There are a variety of reasons why employees quit. Some want a shorter commute. Others have spouses who get relocated. And still others are ready to make a major career change. In these cases, you don’t have a lot of control. However, in the majority of cases related to retention, issues with the employer is the primary reason why a worker quits.
So what are some of the specific variables at play? Future Force, one of South Florida’s leading staffing firms, offers a look at five of them:
Personality conflict with their manager.
If an employee doesn’t get along with their boss, then they’re not going to stay on board for long. After all, this relationship plays a key role in their work satisfaction and their overall quality of life. So if it’s an uncomfortable or hostile one, then it’s going to have a big impact on turnover and retention.
Lack of challenging assignments.
When an employee has been in a position for a length of time and there’s no opportunity for upward growth, then they’re going to look for other opportunities where they can advance their career. Employees, especially the best ones, want jobs where they feel challenged and like their contributions matter.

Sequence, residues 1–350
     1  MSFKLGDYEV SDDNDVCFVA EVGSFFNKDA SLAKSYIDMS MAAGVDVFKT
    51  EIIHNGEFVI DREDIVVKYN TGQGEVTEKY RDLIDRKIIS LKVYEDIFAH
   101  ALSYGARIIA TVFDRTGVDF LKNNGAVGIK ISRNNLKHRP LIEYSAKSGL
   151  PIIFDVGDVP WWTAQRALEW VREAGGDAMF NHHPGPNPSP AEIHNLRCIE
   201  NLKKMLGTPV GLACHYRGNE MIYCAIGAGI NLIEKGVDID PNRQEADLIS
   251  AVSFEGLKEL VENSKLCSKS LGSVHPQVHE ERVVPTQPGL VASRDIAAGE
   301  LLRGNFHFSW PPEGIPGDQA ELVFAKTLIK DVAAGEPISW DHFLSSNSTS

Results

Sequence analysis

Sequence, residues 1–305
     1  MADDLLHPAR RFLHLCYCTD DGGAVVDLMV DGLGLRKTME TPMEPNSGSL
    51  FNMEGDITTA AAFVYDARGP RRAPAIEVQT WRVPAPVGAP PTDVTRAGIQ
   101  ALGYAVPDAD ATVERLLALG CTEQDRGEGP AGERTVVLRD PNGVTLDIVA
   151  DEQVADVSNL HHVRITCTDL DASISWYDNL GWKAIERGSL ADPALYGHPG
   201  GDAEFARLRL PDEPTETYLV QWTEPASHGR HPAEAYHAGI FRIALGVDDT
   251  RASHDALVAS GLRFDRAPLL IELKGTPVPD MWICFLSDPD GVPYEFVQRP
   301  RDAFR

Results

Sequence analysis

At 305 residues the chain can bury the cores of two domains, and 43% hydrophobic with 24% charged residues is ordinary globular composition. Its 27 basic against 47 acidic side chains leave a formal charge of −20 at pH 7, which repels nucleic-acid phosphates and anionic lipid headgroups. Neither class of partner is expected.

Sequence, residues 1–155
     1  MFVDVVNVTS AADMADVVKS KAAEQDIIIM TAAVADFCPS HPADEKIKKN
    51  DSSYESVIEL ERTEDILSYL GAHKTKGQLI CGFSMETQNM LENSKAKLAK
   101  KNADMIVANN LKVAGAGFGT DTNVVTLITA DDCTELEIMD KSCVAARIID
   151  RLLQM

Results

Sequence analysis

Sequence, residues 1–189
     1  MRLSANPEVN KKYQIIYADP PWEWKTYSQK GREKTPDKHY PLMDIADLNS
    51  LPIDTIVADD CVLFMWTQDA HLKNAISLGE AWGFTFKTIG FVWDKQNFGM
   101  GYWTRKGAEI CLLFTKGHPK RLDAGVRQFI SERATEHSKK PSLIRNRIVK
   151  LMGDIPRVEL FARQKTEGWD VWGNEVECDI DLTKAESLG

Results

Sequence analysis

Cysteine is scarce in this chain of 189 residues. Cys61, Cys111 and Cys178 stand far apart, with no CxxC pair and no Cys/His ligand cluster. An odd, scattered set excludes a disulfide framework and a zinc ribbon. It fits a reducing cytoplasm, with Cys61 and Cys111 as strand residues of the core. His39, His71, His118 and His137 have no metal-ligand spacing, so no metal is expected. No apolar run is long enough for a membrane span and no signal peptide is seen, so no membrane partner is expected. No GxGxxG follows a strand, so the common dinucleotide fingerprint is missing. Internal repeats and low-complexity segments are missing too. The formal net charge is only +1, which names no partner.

Top talent expects to be praised and recognized for their accomplishments. If, however, their hard work and talent go unnoticed, then they’re going to move onto an employer that appreciates and values them more.
Concerns about leadership.
If your company is constantly undergoing some type of restructuring, or departments seem like they’re in chaos, then employees aren’t going to have a lot of faith in how well the organization is run.
Keep in mind that leaders aren’t the only ones evaluating their team members; employees too assess the leaders they work. If there’s a concern, then employees will move onto places where they feel more confident.
Too heavy workload.
Every team goes through a busy period. But if yours is constantly under strain and stretched too thin, without an end in sight, employees will burnout and become exhausted. As a result, it won’t be long until they start looking for new positions with companies that have more reasonable demands and expectations.
Do any of these situations sound familiar? If they do, then it’s important to invest time and effort into enhancing retention. If you’re not sure, then consider conducting stay interviews asking those employees you have on staff why they stay with your organization and what they would do to improve it. That way, you can learn about and deal with any problems before they escalate into high turnover.
Need help hiring for your staff?
Turn to Future Force. As one of South Florida’s leading staffing firms, we can provide you with top-quality employees, quick responses, customized staffing services, and so much more. Learn more or get started today by contacting us.